(This is a copy of the
original story on the AJC site.)
Reprinted with the permission of the Atlanta Journal and the Atlanta Constitution.
[The Atlanta Journal-Constitution: 12.05.99]
Lawmakers tried to open records of dead children. But just talking about Kendall Hunt's death cost two social workers their jobs.
By Jane Hansen
Atlanta Journal-Constitution Staff Writer
Today in Georgia, the business of child protection remains virtually closed. Even when a child dies, people working within the system are expected to keep their mouths shut.
Julie Sadowski and Martha Dismer spoke out in their coastal community of Brunswick. They said 6-month-old Kendall Hunt never should have died. And saying so cost them their jobs.
Those who knew Kendall say he was a sweet baby born into a troubled family. His mother, Mindy, was 18 when he was born Feb. 10 last year. She looked 13.
Her boyfriend, Gary Shadron, was not the baby's father, but he was there when Kendall was born. He was always there, say family members and friends, who told authorities they feared him from the start.
At 17, Shadron had been arrested several times on weapons charges, terroristic threats, and in one case, for stalking a former girlfriend. The charges were all dismissed or reduced to less serious charges.
From the moment Kendall was born, hospital nurses and physicians expressed concern about his safety, medical and child welfare records show. Based on Shadron's behavior in the hospital, they called in Healthy Families, a national program offered to young mothers whose babies appear to be at particular risk.
Sadowski, a Healthy Families staff member, was the first to visit Mindy while she was still in the hospital. Her main concern, Sadowksi wrote in her records, was Shadron, a man who was not the baby's natural father and had a violent past.
The first report of abuse came when Kendall was 3 months old. His grandmother had discovered unusual bruising on his abdomen, which a pediatrician later said "resembles fingerprints." The Glynn County DFACS office opened a case, but Kendall remained at home with Shadron and his mother.
In May 1998, Martha Dismer, director of Healthy Families, wrote a letter to the head of DFACS asking him to move quickly on Kendall's case because of her staff's growing concern "about the safety of the infant."
Less than a month later, there was another report, this time for cigarette burns on the infant's hand and wrist. The same pediatrician, Frances Owen, examined the baby and concluded that based on the shape and spacing of the burns, they were intentional. She called child welfare workers a second time and demanded they take action to protect Kendall.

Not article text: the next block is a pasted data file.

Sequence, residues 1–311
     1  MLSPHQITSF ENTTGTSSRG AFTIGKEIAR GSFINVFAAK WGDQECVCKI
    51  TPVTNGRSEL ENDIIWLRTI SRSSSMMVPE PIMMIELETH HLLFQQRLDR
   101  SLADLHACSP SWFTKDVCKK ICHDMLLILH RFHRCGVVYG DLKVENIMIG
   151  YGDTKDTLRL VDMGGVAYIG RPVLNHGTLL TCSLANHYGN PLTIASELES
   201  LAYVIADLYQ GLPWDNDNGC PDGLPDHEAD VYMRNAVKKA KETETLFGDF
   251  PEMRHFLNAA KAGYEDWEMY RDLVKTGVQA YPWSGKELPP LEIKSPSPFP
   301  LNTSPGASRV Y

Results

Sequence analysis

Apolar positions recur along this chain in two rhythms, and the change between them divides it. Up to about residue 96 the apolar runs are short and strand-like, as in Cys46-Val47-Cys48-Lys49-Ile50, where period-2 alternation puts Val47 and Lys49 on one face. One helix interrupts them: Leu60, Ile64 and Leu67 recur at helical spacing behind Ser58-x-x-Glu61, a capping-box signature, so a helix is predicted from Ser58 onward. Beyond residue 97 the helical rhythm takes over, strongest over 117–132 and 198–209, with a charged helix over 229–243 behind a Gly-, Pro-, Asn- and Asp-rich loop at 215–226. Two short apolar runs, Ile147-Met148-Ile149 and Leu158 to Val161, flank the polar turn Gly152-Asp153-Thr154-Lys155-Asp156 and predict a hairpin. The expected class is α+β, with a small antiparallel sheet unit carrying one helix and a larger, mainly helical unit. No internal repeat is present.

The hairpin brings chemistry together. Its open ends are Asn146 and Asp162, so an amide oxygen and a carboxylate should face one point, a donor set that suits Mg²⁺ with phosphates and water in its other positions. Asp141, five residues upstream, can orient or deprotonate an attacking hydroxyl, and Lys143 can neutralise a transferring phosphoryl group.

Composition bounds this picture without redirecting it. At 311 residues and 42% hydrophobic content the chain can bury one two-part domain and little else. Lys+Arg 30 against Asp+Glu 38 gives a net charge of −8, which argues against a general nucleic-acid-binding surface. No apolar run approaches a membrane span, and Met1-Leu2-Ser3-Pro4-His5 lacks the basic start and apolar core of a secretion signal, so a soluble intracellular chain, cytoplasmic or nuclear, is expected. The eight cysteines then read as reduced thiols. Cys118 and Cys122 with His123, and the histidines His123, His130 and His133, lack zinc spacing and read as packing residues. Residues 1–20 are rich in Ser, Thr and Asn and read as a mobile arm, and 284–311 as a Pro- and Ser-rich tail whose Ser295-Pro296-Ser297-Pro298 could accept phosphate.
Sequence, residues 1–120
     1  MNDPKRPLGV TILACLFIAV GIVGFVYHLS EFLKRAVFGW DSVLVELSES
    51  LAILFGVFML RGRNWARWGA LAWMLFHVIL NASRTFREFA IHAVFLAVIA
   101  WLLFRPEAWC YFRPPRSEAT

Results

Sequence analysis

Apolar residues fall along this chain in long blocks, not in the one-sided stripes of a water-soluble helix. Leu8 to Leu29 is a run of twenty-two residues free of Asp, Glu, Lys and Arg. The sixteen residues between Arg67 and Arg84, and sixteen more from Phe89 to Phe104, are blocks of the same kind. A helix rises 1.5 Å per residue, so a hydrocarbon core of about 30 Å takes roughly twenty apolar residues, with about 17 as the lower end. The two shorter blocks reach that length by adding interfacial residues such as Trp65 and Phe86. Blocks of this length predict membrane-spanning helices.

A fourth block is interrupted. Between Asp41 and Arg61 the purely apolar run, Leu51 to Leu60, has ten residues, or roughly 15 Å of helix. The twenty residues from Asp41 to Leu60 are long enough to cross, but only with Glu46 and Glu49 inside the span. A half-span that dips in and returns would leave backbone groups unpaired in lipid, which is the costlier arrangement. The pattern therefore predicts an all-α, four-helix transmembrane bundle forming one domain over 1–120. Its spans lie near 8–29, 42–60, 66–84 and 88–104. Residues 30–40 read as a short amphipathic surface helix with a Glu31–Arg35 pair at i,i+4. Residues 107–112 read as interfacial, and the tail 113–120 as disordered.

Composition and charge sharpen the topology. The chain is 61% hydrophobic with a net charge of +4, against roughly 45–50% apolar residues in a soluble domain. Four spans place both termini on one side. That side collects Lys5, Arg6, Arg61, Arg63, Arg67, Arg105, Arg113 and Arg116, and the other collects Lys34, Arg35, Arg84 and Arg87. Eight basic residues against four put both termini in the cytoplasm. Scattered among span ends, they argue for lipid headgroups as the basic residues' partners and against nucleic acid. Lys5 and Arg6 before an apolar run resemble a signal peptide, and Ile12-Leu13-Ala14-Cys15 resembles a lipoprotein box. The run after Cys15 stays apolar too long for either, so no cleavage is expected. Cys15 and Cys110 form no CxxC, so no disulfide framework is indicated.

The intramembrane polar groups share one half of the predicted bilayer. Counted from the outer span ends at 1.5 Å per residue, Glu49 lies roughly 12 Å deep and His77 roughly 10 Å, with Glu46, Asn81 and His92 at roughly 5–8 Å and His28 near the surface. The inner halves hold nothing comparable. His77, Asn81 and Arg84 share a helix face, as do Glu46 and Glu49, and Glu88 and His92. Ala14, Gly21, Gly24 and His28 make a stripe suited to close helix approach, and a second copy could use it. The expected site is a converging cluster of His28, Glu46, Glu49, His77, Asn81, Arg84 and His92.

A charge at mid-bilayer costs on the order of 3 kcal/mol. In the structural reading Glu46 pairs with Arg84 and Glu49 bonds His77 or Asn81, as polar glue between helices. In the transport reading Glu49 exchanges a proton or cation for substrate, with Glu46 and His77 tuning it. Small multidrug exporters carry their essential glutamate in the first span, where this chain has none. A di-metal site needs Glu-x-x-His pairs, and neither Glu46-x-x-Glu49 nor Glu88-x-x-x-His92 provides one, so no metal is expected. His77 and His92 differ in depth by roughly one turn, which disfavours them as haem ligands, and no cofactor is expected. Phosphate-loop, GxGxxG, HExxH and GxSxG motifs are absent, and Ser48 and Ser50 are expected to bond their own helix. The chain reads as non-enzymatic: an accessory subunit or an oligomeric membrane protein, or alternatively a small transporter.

DFACS took immediate custody of the baby, by then 4 months old, and put him in foster care. But 10 days later, Glynn County Juvenile Court Judge Donald Manning returned custody to the mother, with instructions she was not to leave her baby alone with her boyfriend, with whom she lived.
When Owen, who had not been asked to testify, learned of the judge's decision, she called the court and asked that her testimony be heard.
At a second hearing in June, Owen and others who were there say she told the judge that Kendall was in grave danger in his home. She stated that in her judgment, the injuries to his abdomen and the burns on his hand had been intentional and if the court allowed him to remain at home, the child could die. But Manning held to his original ruling, and Kendall went home with his mother. Manning has refused to comment on his ruling or what was said that day in court, citing a code of ethics.
Less than three months later, on the night of Sept. 1, 1998, 6-month-old Kendall Hunt was drowned in the bathroom sink. Shadron was charged with murder and is awaiting trial.
At news of Kendall's death, Dismer, Sadowski and Owen were outraged. They spoke out and said the system had failed the baby.
Two weeks after an Oct. 2 article ran in The Brunswick News, quoting all three women, Sadowski was fired. Dismer was forced to resign, she said, to avoid being fired.
A lawyer who represented the commission that oversees Healthy Families said the women had been dismissed because they had breached confidentiality.
At a community forum last December, citizens said the wrong people had been punished, and some demanded that the judge and the child welfare agency be held accountable.
"How come things happened so quickly against Martha and Julie and nothing else happened?" one woman asked. A chorus of voices responded. "Retaliation," one said. "It was a coverup," said another.
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